The Magi have come and gone. With the Epiphany the Christmas narrative concludes.
The popular story of the foreign travelers charms the masses with a star-studded discovery of the Nativity and the presentation of unique gifts. But that scene by which the Christmas creche is completed takes up just one verse in the Gospel story (Matt 2:1-12)!
The bigger drama to consider arises from the contrast between the Magi and everyone else in the biblical tale.
The Magi are adventurers, inspired to make an 800-mile trip from Persia to Judea by an unexpected light in the sky. But it’s not for their knowledge of stars that tradition refers to them as “the three wise men.” It’s the choice they make to acknowledge, even to their great surprise, that lying before them is a newborn King – Jesus, the child “they saw with Mary his mother.” So convinced were they that they had found the One, “they did him homage” and offered lavish gifts, valuable in material and symbolism, though not very useful for a newborn!
The others in the story are the “influencers” of that time and place: King Herod, his chief priests, and the scribes of the people. They provide the narrative foil that generates meaning for us in this day and age.
Upon hearing the extraordinary news from the Magi that “a star had risen” signaling a royal birth, Herod was “greatly troubled,” as were “all the people of Jerusalem.” Yet, amazingly, none of those religious leaders or believers – in fact, no one at all – made the short trip to Bethlehem to see whether the news might be true.
Why not? What stifled their curiosity? How could they be so indifferent? Was no one willing to consider the possibility of what that star meant for everyone?
Among the possible explanations, Matthew Kuchem proposes a political one. They preferred to remain in the safety and security they had already created for themselves, where the meaning of their lives was found in the values of this world, without any need to refer to the realm of heaven.
“They sought first their own power and position within the political order of the day. They seemed to think they could achieve their religious and political purposes through allying themselves with a powerful and successful political figure. They lost sight of to whom they owed their allegiance, and they equated their religious and political agenda with the building of God’s kingdom.” In short, they abandoned their sacred convictions for the sake of social conventions.
Celebrating the Epiphany invites us to see again the incredible gift of Christmas – the grace of God coming into this world, to inaugurate a new kingdom, to bring the heavenly light of truth through the Word becoming flesh, to transform our world by means of a redeeming love from within the very midst of our sinful human lives. This is the Good News of Christianity that makes for the greatest story ever told.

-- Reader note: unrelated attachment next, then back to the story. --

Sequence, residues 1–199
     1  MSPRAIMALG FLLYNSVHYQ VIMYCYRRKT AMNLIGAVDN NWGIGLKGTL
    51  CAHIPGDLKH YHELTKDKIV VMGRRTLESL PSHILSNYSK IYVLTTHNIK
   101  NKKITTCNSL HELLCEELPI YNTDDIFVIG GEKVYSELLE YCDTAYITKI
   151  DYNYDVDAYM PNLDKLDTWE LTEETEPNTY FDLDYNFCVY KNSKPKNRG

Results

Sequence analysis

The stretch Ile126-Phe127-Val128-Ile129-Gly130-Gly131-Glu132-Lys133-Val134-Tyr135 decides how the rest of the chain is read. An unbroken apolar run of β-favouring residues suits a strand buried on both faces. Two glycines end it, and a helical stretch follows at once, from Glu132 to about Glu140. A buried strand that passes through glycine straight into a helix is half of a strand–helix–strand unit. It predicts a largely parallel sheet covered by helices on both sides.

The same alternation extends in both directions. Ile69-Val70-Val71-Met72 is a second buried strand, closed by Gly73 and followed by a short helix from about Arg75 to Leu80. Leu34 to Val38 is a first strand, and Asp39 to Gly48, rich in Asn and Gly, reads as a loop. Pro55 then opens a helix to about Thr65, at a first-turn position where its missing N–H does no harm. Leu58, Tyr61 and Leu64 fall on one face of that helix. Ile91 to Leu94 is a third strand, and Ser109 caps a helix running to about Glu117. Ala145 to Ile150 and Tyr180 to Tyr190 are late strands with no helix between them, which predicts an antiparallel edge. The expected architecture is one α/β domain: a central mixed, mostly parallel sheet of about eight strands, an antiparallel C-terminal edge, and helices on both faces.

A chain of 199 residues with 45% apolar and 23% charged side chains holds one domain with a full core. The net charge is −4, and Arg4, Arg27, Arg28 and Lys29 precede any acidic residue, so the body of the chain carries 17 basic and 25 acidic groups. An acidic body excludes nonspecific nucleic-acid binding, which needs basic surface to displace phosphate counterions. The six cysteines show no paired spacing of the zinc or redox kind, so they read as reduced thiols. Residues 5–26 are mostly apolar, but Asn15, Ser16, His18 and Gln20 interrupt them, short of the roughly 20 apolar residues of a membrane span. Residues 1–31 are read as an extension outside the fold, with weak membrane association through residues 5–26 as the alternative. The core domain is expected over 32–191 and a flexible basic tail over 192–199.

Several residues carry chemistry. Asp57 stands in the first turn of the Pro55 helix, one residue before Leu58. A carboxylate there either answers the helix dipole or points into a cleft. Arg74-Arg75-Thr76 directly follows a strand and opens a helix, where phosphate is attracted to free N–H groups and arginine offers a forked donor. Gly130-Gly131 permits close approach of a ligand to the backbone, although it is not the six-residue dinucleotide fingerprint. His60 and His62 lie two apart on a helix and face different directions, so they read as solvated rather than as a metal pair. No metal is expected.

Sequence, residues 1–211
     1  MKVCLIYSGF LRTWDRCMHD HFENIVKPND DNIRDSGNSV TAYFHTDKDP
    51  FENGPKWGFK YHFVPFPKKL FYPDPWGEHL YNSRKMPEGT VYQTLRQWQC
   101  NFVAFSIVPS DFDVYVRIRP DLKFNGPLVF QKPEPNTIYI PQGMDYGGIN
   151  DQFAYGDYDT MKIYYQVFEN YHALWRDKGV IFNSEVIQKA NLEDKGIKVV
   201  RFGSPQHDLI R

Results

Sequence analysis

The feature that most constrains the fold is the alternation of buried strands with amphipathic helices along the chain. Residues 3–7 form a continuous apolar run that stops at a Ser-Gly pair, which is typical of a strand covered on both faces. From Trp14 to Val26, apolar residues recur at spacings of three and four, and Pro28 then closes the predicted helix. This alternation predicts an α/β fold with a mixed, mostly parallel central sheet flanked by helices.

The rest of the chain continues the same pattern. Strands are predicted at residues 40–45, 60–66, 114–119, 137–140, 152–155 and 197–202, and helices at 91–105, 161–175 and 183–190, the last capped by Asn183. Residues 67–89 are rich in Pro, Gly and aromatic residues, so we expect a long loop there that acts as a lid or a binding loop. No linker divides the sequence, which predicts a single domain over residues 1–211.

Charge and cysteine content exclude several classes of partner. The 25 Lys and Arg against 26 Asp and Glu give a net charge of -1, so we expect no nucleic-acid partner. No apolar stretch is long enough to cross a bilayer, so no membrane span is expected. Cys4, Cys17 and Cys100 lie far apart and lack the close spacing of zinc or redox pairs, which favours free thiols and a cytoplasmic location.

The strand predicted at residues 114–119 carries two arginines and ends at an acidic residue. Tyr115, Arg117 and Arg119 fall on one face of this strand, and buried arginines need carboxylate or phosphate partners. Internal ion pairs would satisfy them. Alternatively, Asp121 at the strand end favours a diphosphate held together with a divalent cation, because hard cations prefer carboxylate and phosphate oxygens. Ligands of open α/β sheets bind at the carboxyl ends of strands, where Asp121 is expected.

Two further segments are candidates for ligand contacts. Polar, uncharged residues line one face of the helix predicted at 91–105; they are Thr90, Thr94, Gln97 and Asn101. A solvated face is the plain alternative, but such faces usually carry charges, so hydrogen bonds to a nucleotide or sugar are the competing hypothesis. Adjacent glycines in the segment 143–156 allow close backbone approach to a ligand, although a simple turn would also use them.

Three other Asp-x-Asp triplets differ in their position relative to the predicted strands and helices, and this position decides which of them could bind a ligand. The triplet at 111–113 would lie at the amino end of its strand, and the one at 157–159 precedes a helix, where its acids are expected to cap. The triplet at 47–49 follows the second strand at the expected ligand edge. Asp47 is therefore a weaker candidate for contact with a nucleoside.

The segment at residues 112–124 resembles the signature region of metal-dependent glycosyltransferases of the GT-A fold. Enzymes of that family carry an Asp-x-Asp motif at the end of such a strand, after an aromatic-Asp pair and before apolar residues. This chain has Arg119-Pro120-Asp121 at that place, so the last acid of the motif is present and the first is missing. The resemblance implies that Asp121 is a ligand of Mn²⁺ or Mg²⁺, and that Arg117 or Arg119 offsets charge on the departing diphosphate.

But it seems that story is losing its impact, as a star loses its light. Writing of the legacy of Benedict XVI, Larry Chapp reminds us that the contemporary world appears to be constructed on the proposition that God is completely irrelevant to how society should operate. Indeed, an increasing number of people live as if God does not really matter. Chapp notes that the pope emeritus identified this trend years ago. “The real problem at this moment of our history,” Benedict wrote in 2009, “is that God is disappearing from the human horizon, and, with the dimming of the light which comes from God, humanity is losing its bearings, with increasingly evident destructive effects.”
That moment continues as our new year begins. Now we return to our routines, but with another gift from the Magi – the Christmas choice.
Will we remain overjoyed at God’s having come into our world, or be overwhelmed by the tribulations we face? Will we follow the supernatural light from heaven, or the supposed enlightenment of human ideologies? Will we pay homage to Jesus as the source of ultimate meaning in our own lives, or not?
We call the Magi “wise men” because they made the right choice – and did so despite the indifference or opposition of others, and without regard for their own power or prestige. They chose to adore the Christ-child and to share their gifts in gratitude for his presence in the world.
Hopefully, the perfect gift that Christmas is will inspire us to do the same, in weekly worship and everywhere we go throughout the new year.
Oblate Father Thomas Dailey holds the John Cardinal Foley Chair of Homiletics and Social Communications at Saint Charles Borromeo Seminary in the Archdiocese of Philadelphia.